This summer, my neighborhood has seen several children have a go at riding a bike without training wheels for the first time. I’ve enjoyed seeing their progress, and cringe a little bit each time they fall. But their mom or dad are always right behind them, urging them along, and running like crazy, ready to grab them in the hopes of averting a terrible spill.  But they know that in order to succeed, their children will have some tumbles and falls, and in their love, they allow them. One adorable girl took a little tumble right in front of my house. I bellowed some encouragement to her to get back up, and told her she was doing great. She picked herself up, rubbed off the grass that was on her pants, let out a big sigh, and said to me in the most adorable voice ever, “I guess I just need to keep practicing and practicing.” Her mom and I looked at each and smiled at her pluck and courage, and then spurred her on to another attempt. Before she got on her way, she told me that she couldn’t wait until her dad got home, because he’d be so proud of her.  I told her, “He’ll be bursting with pride!  Way to go–your’d doing awesome!”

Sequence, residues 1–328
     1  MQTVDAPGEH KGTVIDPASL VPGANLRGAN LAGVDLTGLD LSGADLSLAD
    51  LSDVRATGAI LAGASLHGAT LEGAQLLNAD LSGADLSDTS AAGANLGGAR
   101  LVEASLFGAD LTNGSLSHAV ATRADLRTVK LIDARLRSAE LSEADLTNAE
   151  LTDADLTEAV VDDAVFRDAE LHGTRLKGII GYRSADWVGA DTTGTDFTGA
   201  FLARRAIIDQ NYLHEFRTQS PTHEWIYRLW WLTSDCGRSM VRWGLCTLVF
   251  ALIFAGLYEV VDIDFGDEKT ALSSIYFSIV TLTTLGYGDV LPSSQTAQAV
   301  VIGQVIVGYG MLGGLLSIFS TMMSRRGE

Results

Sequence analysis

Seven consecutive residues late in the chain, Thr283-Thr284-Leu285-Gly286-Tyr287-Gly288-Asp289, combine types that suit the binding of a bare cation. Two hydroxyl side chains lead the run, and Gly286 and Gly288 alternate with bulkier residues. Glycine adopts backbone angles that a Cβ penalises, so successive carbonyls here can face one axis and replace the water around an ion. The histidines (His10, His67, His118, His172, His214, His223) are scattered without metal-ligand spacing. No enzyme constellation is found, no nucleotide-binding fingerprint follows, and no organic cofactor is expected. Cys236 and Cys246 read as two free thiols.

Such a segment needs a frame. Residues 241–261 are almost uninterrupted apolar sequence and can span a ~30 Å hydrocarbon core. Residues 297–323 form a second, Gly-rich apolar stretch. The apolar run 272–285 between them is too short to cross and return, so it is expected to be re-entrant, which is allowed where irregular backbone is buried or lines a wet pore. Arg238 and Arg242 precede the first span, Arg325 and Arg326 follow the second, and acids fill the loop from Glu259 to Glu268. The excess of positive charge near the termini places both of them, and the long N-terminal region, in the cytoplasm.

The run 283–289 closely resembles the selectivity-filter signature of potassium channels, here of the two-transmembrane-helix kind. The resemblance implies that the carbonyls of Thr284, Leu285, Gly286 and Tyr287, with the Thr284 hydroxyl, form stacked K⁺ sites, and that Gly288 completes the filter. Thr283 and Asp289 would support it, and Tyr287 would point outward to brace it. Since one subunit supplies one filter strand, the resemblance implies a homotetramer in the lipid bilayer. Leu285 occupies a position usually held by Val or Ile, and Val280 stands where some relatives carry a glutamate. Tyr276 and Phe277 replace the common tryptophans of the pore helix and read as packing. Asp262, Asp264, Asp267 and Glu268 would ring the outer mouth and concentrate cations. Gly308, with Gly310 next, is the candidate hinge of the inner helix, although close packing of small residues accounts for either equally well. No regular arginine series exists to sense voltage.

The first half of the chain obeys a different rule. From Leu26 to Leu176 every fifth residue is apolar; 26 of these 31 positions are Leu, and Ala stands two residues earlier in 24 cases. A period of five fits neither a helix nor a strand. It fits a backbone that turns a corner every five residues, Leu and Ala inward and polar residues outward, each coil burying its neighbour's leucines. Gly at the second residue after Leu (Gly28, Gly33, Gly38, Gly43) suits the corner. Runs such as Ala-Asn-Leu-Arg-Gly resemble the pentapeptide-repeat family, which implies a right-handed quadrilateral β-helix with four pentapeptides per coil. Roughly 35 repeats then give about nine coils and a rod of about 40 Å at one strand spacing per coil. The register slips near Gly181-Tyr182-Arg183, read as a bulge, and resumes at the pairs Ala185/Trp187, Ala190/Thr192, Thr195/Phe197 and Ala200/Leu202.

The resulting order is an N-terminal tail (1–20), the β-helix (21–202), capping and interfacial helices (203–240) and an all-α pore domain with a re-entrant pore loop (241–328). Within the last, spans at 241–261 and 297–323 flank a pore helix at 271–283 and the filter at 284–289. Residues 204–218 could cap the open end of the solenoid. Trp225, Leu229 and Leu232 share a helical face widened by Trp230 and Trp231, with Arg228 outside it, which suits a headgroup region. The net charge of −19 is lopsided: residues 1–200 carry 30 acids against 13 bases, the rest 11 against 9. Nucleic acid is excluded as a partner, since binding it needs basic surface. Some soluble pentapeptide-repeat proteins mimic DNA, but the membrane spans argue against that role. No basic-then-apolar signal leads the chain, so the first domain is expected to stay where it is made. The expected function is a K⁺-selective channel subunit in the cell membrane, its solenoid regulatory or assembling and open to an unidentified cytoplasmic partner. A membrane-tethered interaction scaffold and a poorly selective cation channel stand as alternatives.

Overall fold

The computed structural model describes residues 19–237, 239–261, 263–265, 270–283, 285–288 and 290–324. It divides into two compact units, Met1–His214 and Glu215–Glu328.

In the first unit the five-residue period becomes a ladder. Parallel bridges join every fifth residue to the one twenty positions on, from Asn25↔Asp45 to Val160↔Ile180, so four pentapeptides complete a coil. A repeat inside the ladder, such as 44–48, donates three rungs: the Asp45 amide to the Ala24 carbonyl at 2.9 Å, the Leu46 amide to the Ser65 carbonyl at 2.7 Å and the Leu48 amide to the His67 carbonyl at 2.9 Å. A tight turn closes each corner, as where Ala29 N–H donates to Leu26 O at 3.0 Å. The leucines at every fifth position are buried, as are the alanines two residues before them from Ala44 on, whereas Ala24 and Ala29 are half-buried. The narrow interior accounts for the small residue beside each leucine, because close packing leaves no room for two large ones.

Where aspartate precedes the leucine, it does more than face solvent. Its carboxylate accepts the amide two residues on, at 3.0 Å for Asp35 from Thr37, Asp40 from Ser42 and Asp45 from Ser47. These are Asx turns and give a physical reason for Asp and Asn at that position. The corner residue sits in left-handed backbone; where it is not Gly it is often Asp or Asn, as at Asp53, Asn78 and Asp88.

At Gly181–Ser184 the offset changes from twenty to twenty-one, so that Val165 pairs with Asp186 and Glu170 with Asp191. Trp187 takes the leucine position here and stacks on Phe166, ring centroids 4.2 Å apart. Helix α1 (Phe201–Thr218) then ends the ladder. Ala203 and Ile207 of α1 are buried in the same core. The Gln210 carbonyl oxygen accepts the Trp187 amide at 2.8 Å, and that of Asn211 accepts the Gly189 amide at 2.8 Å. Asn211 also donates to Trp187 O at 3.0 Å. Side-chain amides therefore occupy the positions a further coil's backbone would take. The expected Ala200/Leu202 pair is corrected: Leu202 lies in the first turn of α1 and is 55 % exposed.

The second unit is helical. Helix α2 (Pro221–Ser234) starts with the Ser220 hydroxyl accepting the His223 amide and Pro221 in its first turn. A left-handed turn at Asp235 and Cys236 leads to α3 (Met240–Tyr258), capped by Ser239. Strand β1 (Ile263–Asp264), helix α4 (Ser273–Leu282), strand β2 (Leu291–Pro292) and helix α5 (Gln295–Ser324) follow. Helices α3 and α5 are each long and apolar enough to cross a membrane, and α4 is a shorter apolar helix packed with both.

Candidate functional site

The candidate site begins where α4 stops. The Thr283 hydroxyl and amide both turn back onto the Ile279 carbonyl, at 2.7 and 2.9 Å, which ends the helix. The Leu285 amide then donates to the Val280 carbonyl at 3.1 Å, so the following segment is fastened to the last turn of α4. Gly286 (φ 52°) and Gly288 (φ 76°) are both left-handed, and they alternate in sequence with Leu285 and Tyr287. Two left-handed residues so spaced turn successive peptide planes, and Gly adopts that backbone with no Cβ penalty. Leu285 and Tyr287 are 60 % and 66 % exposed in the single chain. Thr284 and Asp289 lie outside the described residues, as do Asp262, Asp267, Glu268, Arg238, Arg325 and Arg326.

I think we have to look at the battle for chastity like that. God isn’t so concerned with a fall or a stumble. It pains him, rather than angers him, and all He wants is for us to get back up because He knows that’s where we’ll be happiest. A kid has joy when he’s riding a bike, and Our Father created us to want the joy that only comes from chastity. The problem is that we don’t know how fun it is to ride a bike without training wheels. Chastity still for me doesn’t necessarily feel, or look like “the Thing” that I naturally would want to choose with regards to sexuality, but sometimes it’s the simple things in life that reveal the Truth to us about the big things. What dad would be content keeping training wheels on his daughter’s bike the rest of her life? That thought was terrifying for me when I was a kid, but my parents pushed me forward, with the wisdom that comes with being a parent. Plus I saw all the big kids, and how happy they were riding without training wheels. My parents and all of the big kids in the neighborhood knew that learning to ride a bike was worth the tumbles and falls, and that it was far more fun. The “big kids” who know that chastity is “where it’s at” are the Saints who all have embraced it throughout the centuries. I can’t fully understand how and why chastity is the best path to peace, but I have begun to see the joy and freedom that chastity provides. I’m not fully on board, I gotta be honest, but I have come to a place where I trust on faith, and in the experience of the Saints, and in the words of my Father that point to what St. Clement of Alexandria says is the “Blessed Life.” I have come to trust that joy lies in the least likely of places I would naturally be inclined to seek it. As for me, by the grace of God, one day I’ll be free from tumbles and falls, but in the meantime, I cling to the grace of God, and choose to view him as my Father, delighting in every attempt at virtue. The falls don’t anger Him. Rather, they spur on his compassion and He always rushes to my side to say, “Ok, here’s my hand. Let me pick you up, and help you to try again!” He takes a look at me, then patches me up again in the sacrament of Reconciliation, and says, “Now off you go, and don’t you ever forget that no matter how many falls and scrapes you have, you are my son, in whom I’m well pleased! Now go and live your life to the fullest.”